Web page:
In the front rows, despite the presence of prop Rob Evans for Wales, we think that South Africa should still have the edge here. Wales may learn much about depth through the performance of hooker Kristian Dacey and prop Scott Andrews, but for us the far more dangerous unit is South Africa. Malcolm Marx at Hooker has still for us been one of the players of the year and when he plays from the heart as seen in the second Test against the All Blacks, he is capable of a legendary performance. Stephen Kitshoff is an exceptionally dangerous prop and is no stranger to the try line, while Wilco Louw  could be the answer to South Africa’s problems at tighthead in the absence of Coenie Oosthuizen.

In the second rows, we also feel that the sheer brute force South Africa possess in the shape of Eben Etzebeth and Lood de Jager should also prove too much for Wales, much as it did for France and Italy, despite the presence of Welsh talisman Alun-Wyn Jones. Expect the South Africans to simply wear down Wales in this part of the park.

In the back rows, we feel the contest suddenly evens out. One of the standout players of last weekend’s Test between Wales and New Zealand, was Welsh flanker Josh Navidi who had a barnstormer of a game. He put in an exemplary 80 minute performance and caused the New Zealand defences continuous problems until the final whistle. We also liked the look of his partner Aaron Shingler and Welsh number eight Taulupe Faletau once more proved his intrinsic value to this Welsh side. This is likely to be the most intense battle on the park as the Welsh three go up against an equally accomplished Springbok trio in the shape of Siya Kolisi, Pieter-Steph du Toit, and the promising Daniel Du Preez. However, the fact that Kolisi is fresh off the plane after returning home briefly for the birth of his child and Du Preez’s lack of Test experience could make for slightly less cohesion in the South African unit, leading us to give the edge to Wales in a tight contest.

In the half backs matchup, we feel that on paper South Africa should be better placed to run proceedings on Saturday. After a long absence from the Springbok fold, fly half Handre Pollard seems to be coming back into his own and there is no question that he has talent to burn. While he may not exactly be setting pitches alight this year, scrum half Ross Cronje has been a reliable figure for the Springboks and consequently we feel that the South African unit is likely to be less susceptible to mistakes than the untried Welsh offering of Test veteran Dan Biggar at fly half and newcomer Aled Davies at scrum half. Provided South Africa don’t resort to aimlessly kicking away possession, which they seem to do under pressure, they should have the upper hand here on Saturday.

In the backs, though we feel provided the Welsh Coaching staff have attended to the defensive frailties seen in the Welsh young bloods so far this month, Wales have more of the X-factor in this part of the park going into Saturday’s Test. One of the most interesting contests this weekend will be between Welsh winger Hallam Amos and his Springbok opposite number Warrick Gelant who, after turning heads in this year’s Currie Cup, finally gets a long overdue callup to the Sprinbok starting XV.  Despite some defensive mistakes, winger Hallam Amos has consistently made us sit up and take notice this month and there is no question he is an exciting prospect for Wales’ Six Nations and World Cup ambitions. On the opposite wing Steff Evans has lived up to the hype surrounding his inclusion in the Welsh squad but, particularly from a defensive standpoint, he has shown that it is a very big step up from the PRO 14 arena to the Test level circuit, and one he clearly still needs to grow into. Dillyn Leyds despite a bright start this year has gone strangely quiet in recent outings and it remains to be seen what kind of performance South Africa get out of him on Saturday. In the centres Francois Venter has impressed this month, while Jesse Kriel has failed to gain the headlines in any shape or form this year. He hasn’t exactly been a bad player, but by the same token is not one you would notice should his name not be on the team sheet. The same could be said of the Welsh offering, as we have liked what we’ve seen from Scott Williams but newcomer Hadleigh Parkes is very much an untried commodity at this level. Lastly, the wise head of Leigh Halfpenny at fullback for Wales meets the youthful exuberance of Andries Coetzee for the Springboks. Halfpenny seems to have come back into his own since his return to Wales, and he seems to be having a much greater impact on the Welsh attack. Coetzee has been a player who has consistently given his all to the Springbok cause this year, even if the team seems unsure of how to make the most of his work rate. Given the speed of the Welsh youngsters on attack and with the wisdom of Halfpenny behind them, we hand the contest in this part of the park to a Welsh side keen to lay down some markers for the future.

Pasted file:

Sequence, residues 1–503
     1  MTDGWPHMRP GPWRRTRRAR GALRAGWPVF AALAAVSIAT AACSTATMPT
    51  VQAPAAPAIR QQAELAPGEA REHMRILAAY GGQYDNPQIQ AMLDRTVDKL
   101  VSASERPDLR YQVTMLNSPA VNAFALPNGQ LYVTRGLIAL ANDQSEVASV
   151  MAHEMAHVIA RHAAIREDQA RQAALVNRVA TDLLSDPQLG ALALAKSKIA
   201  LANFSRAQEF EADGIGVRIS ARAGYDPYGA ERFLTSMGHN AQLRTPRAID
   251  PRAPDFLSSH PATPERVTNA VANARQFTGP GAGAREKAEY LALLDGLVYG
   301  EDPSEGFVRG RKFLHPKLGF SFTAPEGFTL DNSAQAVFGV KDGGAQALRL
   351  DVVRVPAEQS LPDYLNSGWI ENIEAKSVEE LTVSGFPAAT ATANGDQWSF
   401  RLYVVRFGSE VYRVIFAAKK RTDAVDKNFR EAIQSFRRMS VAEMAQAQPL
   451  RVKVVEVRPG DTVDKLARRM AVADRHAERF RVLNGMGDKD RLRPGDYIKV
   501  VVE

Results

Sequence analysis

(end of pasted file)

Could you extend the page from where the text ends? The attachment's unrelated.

This should be an intensely physical contest and hopefully a fitting end to the 2017 Test calendar, especially if both sides look to run the ball and really test each other’s defences out wide. If South Africa resort to the kind of slugfest we saw against France and Italy this could end up diminishing the quality of what should be a good contest as they simply attempt to batter Wales into submission. However we feel that Wales in front of a home crowd, have enough speed and pace in the backs coupled to a hungry back row that they should just squeak a much-needed win to close out a troubled season with a positive statement of intent for 2018. As a result we give this to Wales by four points!


As always we end with some very solid content from the 1014’s review of last weekend’s action, and continue to thoroughly enjoy the vast body of work, especially in terms of detailed analysis that these two fine gentlemen, Steve and Gareth, are putting out. These two reviews give some valuable insights into where South Africa and Wales are at in terms of heading into this weekend’s Test, as well as some excellent feedback on the other teams and how they performed. For some in-depth understanding of who’s who in the pot when it comes to Test Rugby and the buildup to the World Cup you can’t go wrong having a look at some of their excellent work. Enjoy, give them a big thumbs up and make sure you subscribe to keep this excellent content coming!